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Michael Slager, officer who fatally shot Walter Scott in South Carolina, pleads guilty in federal case

In addition to the federal charges, Slager faces a criminal trial in state court for murder.

In a dramatic turn of events, a former South Carolina police officer who spent two years fighting charges in a high-profile shooting of an unarmed black man pleaded guilty Tuesday in his federal case.

Michael T. Slager entered his plea in federal court in Charleston, S.C., more than two years after he fatally shot Walter Scott five times as Scott ran away after being pulled over for a broken car brake light.

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Slager pleaded guilty to one federal charge of violating Scott's civil rights. In exchange, two other federal charges against him will be dropped, as will a state murder charge, according to his plea agreement.

The move allows Slager, who was an officer in North Charleston at the time of the shooting, to avoid a jury trial.

U.S. District Judge David Norton of the South Carolina District will decide Slager's sentence, which could be life in prison. With a guilty plea, Slager has a better chance at a lesser sentence. Under the plea agreement, the federal government will advocate for Slager's crime to be treated as a lower-level offense.

"The Department of Justice will hold accountable any law enforcement officer who violates the civil rights of our citizens by using excessive force," Atty. Gen. Jeff Sessions said in a statement. "Such failures of duty not only harm the individual victims of these crimes; they harm our country, by eroding trust in law enforcement and undermining the good work of the vast majority of honorable and honest police officers."

Slager entered his plea during a pretrial hearing Tuesday in Charleston before being handcuffed and led out of the court by U.S. marshals. The trial was scheduled for May 15.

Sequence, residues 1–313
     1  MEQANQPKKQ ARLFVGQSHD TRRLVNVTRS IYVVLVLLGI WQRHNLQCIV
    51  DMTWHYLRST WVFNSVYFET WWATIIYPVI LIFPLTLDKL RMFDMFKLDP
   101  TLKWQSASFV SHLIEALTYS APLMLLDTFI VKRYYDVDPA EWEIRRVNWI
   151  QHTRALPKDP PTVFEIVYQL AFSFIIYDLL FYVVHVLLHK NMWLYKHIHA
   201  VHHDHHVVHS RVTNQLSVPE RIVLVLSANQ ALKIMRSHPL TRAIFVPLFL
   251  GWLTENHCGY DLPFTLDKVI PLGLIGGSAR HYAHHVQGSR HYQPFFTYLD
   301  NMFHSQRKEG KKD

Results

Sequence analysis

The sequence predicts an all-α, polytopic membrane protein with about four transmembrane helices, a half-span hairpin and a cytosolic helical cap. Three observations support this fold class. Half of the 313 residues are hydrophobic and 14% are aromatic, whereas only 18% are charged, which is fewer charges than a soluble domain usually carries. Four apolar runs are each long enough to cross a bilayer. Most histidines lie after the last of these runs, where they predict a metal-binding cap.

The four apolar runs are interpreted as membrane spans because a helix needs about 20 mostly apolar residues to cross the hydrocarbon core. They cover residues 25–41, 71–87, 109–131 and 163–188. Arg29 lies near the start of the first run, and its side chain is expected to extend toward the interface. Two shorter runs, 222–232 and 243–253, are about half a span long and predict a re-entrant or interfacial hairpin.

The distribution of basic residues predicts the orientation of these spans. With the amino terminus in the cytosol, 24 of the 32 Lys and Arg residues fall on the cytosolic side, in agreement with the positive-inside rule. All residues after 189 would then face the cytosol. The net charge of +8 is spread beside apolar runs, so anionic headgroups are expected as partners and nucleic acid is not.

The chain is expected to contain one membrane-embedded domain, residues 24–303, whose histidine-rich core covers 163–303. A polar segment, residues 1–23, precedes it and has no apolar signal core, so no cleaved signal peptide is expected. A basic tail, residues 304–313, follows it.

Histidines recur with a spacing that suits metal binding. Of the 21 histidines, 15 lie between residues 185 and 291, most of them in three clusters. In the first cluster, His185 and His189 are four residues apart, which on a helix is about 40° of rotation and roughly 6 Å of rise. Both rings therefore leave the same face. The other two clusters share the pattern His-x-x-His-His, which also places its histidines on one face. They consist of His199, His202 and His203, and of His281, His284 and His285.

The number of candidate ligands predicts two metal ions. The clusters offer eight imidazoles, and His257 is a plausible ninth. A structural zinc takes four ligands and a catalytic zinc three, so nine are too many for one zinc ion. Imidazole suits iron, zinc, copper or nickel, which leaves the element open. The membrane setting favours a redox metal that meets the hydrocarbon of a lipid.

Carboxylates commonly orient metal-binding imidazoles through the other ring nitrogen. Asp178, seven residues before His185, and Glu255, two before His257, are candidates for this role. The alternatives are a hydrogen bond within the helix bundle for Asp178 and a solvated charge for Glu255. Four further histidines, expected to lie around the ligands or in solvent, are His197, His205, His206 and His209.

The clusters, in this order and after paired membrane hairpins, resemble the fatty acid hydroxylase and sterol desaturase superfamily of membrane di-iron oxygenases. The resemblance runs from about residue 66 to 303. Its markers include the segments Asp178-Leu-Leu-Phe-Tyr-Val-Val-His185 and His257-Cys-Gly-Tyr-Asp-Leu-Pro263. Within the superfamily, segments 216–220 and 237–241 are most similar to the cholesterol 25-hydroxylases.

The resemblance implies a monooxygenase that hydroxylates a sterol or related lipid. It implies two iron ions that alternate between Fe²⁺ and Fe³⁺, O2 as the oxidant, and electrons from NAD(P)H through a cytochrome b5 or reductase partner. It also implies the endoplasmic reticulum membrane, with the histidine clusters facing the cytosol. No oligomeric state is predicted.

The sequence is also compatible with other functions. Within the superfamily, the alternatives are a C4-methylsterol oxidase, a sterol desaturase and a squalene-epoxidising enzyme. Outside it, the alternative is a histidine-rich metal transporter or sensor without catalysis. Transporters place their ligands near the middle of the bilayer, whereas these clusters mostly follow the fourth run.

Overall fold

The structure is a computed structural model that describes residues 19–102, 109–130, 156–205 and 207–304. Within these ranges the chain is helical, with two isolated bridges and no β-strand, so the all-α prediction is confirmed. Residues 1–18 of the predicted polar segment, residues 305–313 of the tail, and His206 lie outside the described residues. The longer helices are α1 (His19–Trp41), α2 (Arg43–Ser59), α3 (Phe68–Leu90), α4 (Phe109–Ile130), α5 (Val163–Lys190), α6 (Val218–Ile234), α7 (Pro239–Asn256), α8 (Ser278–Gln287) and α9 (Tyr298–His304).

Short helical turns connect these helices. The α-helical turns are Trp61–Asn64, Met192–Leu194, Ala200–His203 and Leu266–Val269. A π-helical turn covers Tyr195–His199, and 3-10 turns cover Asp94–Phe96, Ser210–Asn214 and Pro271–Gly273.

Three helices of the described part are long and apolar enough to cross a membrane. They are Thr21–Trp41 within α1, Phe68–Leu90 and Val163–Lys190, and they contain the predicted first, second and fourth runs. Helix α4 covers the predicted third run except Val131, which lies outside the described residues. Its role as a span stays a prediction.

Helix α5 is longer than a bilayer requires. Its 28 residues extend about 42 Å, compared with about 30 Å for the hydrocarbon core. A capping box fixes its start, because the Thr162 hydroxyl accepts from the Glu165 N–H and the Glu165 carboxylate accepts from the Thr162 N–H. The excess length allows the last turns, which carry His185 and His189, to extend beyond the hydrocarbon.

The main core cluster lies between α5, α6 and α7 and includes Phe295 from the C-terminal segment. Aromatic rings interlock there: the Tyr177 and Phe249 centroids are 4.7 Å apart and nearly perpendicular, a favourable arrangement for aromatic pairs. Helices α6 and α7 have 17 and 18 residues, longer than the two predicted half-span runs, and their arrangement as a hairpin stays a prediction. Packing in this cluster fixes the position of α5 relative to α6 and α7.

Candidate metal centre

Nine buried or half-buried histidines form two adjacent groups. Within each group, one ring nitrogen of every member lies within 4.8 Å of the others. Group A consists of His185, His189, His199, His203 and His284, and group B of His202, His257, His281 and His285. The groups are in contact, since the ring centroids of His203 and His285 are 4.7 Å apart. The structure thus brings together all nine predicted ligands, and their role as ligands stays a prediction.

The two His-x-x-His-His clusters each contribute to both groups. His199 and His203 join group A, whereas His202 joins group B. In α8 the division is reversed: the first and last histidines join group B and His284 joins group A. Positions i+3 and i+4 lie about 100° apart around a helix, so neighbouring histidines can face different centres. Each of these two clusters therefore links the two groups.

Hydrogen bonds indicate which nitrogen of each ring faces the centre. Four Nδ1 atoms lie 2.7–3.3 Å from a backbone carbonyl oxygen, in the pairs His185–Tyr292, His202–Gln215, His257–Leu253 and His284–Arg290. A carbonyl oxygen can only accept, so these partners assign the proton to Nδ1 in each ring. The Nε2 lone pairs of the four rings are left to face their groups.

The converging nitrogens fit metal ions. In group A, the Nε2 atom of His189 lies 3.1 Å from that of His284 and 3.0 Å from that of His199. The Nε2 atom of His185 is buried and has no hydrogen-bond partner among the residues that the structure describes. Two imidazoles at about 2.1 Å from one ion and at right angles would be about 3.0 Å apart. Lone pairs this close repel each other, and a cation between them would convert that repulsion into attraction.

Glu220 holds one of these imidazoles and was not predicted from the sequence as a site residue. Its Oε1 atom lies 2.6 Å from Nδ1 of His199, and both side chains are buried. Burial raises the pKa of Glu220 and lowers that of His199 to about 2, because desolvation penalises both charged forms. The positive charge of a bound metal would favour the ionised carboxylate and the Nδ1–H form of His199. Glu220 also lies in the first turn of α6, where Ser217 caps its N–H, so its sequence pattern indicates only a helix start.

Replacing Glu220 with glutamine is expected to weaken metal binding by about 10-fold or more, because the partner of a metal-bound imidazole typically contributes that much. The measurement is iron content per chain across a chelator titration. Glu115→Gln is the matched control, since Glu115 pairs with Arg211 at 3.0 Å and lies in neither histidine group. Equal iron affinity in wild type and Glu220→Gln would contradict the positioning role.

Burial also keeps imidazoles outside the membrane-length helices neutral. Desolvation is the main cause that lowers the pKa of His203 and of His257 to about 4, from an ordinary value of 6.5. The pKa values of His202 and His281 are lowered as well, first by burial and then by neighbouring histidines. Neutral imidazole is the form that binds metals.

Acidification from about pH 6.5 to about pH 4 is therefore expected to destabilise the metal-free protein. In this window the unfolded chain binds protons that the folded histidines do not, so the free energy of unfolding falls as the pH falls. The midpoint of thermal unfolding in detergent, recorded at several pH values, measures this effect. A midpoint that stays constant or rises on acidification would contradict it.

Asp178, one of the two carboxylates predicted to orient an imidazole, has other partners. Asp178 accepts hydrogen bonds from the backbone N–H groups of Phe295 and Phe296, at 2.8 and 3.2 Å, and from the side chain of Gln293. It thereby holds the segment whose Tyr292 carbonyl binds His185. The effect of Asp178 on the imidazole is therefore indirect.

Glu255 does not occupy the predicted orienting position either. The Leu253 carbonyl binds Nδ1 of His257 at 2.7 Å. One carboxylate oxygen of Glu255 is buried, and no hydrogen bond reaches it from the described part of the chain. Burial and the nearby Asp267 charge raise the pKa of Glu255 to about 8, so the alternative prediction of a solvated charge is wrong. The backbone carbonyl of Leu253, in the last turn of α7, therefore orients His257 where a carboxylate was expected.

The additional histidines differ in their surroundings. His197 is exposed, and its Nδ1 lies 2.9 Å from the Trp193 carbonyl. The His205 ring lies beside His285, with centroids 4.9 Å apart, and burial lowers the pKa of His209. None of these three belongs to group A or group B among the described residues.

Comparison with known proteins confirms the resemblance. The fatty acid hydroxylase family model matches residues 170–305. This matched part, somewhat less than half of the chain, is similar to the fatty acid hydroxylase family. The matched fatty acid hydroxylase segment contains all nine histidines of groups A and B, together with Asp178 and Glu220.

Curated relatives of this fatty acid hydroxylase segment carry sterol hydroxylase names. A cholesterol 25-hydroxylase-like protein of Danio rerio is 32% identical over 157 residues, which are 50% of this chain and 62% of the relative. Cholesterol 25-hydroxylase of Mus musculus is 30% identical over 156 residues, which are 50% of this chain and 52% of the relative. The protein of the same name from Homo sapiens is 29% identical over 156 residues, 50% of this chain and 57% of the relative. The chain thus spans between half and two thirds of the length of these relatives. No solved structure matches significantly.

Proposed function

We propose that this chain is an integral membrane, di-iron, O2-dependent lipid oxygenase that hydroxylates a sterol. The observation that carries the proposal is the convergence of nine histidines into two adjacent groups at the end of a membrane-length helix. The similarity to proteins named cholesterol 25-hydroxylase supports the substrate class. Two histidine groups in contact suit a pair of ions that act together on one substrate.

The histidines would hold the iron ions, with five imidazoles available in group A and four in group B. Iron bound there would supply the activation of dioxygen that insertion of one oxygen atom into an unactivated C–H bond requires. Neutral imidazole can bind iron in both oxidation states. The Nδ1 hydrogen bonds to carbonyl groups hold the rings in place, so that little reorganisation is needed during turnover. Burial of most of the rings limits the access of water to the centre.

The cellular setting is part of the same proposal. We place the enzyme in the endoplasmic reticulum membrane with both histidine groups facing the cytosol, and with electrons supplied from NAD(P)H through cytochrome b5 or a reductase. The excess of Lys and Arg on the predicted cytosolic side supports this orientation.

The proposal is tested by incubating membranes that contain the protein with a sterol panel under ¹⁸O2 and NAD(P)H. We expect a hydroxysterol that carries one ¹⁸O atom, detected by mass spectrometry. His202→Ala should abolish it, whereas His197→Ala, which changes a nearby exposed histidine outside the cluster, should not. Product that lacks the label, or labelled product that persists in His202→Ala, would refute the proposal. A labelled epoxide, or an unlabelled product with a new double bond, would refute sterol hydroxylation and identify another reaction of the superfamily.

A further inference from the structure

"We hope that Michael's acceptance of responsibility will help the Scott family as they continue to grieve their loss," Slager's lawyer, Andrew J. Savage III, said in a statement.

Speaking after the hearing, Scott's oldest brother, Anthony Scott, said "the healing begins today" for the family.

"I knew from Day One there was something wrong with the picture," he said. "My brother was violated. He was gunned down running away, and this gentleman continued to stick to that story, but today he told the truth. He said he did it. That's our victory."

The April 2015 shooting of Scott, 50, was recorded on cellphone video by a bystander. The video became a rallying point of protests nationwide against a series of high-profile deaths of African Americans at the hands of police, including Eric Garner in Staten Island, N.Y., and Michael Brown in Ferguson, Mo.

But Slager's case stood out for a rarity in police shootings: In May, a grand jury indicted him on federal charges.

The indictment said that Slager used excessive force in violation of Scott's civil rights when he shot Scott and that he falsely told state investigators under oath that he fired as Scott moved toward him with a Taser. Slager also was charged with use of a weapon during a civil rights offense. The indictment said the shooting was "without legal justification."

At the arraignment, Slager pleaded not guilty.

In this April 4, 2015, image from video, Walter Scott, left, runs as North Charleston Police Officer Michael Thomas Slager fires his weapon.
In this April 4, 2015, image from video, Walter Scott, left, runs as North Charleston Police Officer Michael Thomas Slager fires his weapon. (Feidin Santana / Associated Press)